The Most Overlooked Step in Creating Great Presentations

The Most Overlooked Step in Creating Great Presentations image recite 18682 540583991 79impx 212x300The Most Overlooked Step in Creating Great PresentationsSo you have to give a presentation? What is the first thing you do? Fire up the laptop, open PowerPoint and start putting text to slides?

Step away from the PowerPoint…slowly.

The first question you need to ask yourself is, what type of presentation is this? Is there something I want my audience to know something, to do something immediately after your presentation or to feel something?

If you don’t know what type of presentation you’re giving, you’re not going to be effective in creating a presentation your audience loves.

To Know

When you want to your audience to know something, you give an Informative speech. (I know at this point I sound like your 12th grade public speaking class, but bear with me). These could be how-to speeches or explaining the latest research. Do you give workshops that teach people something? Those are informative as well.

Use the blogging test to determine if your presentation is in the know category.

If your main point sounds like a how-to or is meant to give out information, then this is your category.

The purpose of a blog is to give information away for free. Here are some examples:

  • Top 5 Tricks for Using Google+
  • 5 Strategies for Building Relationships Through Public Speaking
  • SEO Mistakes Every Blogger Makes and How You Can Fix Them
  • How to Make your Twitter Profile Stand Out

Very informative topics. Blogs give information that can be used immediately. The goal is to have the audience know something. If your speech allows your audience to learn a new skill or upgrade their current knowledge, then you are giving an informative presentation.

To Do

If you want your audience to do something immediately after your presentation, then you need to persuade. What you want them to do can vary based on the goals of your presentation.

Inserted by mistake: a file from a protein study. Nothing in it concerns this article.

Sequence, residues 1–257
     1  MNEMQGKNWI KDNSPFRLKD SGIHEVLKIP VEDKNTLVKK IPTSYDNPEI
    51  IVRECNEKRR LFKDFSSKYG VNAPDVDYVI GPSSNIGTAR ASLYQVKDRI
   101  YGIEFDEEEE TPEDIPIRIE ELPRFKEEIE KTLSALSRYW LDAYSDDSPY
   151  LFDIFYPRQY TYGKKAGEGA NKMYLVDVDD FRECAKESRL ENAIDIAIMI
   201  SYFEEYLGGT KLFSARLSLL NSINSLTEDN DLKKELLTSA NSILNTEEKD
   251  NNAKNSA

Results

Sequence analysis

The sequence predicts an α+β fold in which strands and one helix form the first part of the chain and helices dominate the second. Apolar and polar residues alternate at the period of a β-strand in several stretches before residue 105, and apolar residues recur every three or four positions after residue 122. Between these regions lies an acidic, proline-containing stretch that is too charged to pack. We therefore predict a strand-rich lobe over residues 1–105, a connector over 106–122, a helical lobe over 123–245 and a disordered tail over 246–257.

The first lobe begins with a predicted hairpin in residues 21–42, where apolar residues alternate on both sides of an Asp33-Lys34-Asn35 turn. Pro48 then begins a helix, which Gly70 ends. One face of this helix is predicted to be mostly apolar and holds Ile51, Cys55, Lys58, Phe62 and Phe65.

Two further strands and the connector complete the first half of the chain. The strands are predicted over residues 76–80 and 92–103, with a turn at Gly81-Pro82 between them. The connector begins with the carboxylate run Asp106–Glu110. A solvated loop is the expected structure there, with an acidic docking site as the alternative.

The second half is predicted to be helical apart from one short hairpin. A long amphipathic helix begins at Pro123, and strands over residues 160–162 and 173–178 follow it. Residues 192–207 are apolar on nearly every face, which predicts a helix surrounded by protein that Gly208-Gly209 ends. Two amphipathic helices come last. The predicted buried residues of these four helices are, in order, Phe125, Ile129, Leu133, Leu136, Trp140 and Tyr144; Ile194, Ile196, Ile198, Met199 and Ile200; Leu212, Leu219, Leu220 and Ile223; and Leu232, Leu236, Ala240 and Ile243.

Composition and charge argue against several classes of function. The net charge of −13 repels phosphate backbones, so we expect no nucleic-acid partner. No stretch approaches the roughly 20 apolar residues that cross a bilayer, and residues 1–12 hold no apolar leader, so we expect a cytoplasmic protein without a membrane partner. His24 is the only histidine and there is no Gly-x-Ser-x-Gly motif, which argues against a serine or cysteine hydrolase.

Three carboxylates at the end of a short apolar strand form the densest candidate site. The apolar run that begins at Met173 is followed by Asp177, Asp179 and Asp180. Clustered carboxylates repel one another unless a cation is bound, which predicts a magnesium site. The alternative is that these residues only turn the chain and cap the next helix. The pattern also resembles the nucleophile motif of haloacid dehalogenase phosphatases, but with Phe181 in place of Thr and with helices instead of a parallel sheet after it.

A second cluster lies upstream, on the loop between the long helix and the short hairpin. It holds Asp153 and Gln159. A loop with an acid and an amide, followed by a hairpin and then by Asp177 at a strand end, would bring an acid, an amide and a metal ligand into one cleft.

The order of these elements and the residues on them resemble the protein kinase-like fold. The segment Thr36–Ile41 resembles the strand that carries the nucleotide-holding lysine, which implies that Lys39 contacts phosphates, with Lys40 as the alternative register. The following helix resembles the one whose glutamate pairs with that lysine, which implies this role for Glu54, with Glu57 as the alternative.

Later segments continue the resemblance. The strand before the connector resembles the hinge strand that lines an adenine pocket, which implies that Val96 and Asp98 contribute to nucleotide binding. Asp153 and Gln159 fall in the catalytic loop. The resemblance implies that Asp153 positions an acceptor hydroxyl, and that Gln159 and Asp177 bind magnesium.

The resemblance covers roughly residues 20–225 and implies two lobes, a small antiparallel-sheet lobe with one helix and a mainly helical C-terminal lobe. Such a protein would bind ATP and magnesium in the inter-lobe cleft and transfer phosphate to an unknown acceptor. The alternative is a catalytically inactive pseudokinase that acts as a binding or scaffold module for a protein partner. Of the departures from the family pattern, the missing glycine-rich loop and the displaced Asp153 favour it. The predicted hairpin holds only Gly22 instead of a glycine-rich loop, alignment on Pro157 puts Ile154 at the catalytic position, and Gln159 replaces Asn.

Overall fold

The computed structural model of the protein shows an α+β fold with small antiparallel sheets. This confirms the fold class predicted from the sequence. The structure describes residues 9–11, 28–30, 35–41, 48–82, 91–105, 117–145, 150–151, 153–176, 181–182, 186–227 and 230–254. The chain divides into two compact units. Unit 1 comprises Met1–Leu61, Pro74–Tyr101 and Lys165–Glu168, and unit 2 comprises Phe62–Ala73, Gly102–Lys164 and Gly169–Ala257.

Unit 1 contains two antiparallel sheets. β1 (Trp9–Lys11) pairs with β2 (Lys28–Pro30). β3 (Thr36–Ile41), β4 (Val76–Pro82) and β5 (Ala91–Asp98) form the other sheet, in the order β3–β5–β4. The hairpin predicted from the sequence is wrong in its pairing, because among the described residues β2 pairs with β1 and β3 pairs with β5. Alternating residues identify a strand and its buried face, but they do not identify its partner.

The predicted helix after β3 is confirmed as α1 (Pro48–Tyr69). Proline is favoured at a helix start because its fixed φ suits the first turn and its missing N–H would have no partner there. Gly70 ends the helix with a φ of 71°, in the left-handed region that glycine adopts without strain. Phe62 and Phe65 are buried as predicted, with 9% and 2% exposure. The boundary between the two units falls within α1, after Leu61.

Some examples:

  • Donate money to my charity to help children
  • Buy my spiffy new product that solves all your problems
  • Sign-up for my newsletter so they can be 3 times the speaker in half the time

Many persuasive presentations can start off as informative, but by the end there is a pitch. This is especially true if you are selling from the stage. Don’t fool yourself and say that you want your audience to know when really your ultimate goal is to have them buy. Providing value and great content is key in a persuasive speech that has an offer, but everything in that speech should build to that offer.

To Feel

Feelings…nothing but feelings…the goal of an entertaining/inspirational speech is to have the audience feel. You can make them laugh or make them cry or take them on a roller coaster ride.

Comedians – although a different type of presenters – their goal is to entertain. They want you to laugh (sometimes to think) but always to have fun. Think about the keynote speaker at the yearly correspondents dinner

For some speeches, the only intent is to make the audience feel something. TED talks are great examples of this. Brene Brown wants us to embrace our vulnerability and lead better lives. Amanda Palmer encourages us to ask. I’ve encouraged people to feel to heal in order to overcome grief.

Clarity is key in having a successful presentation that connects with the hearts and minds of your audience. What type of speech are you giving? Start with the answer to that question before you write a single world. Tell me in the comments below what kind of presentation you are giving next.

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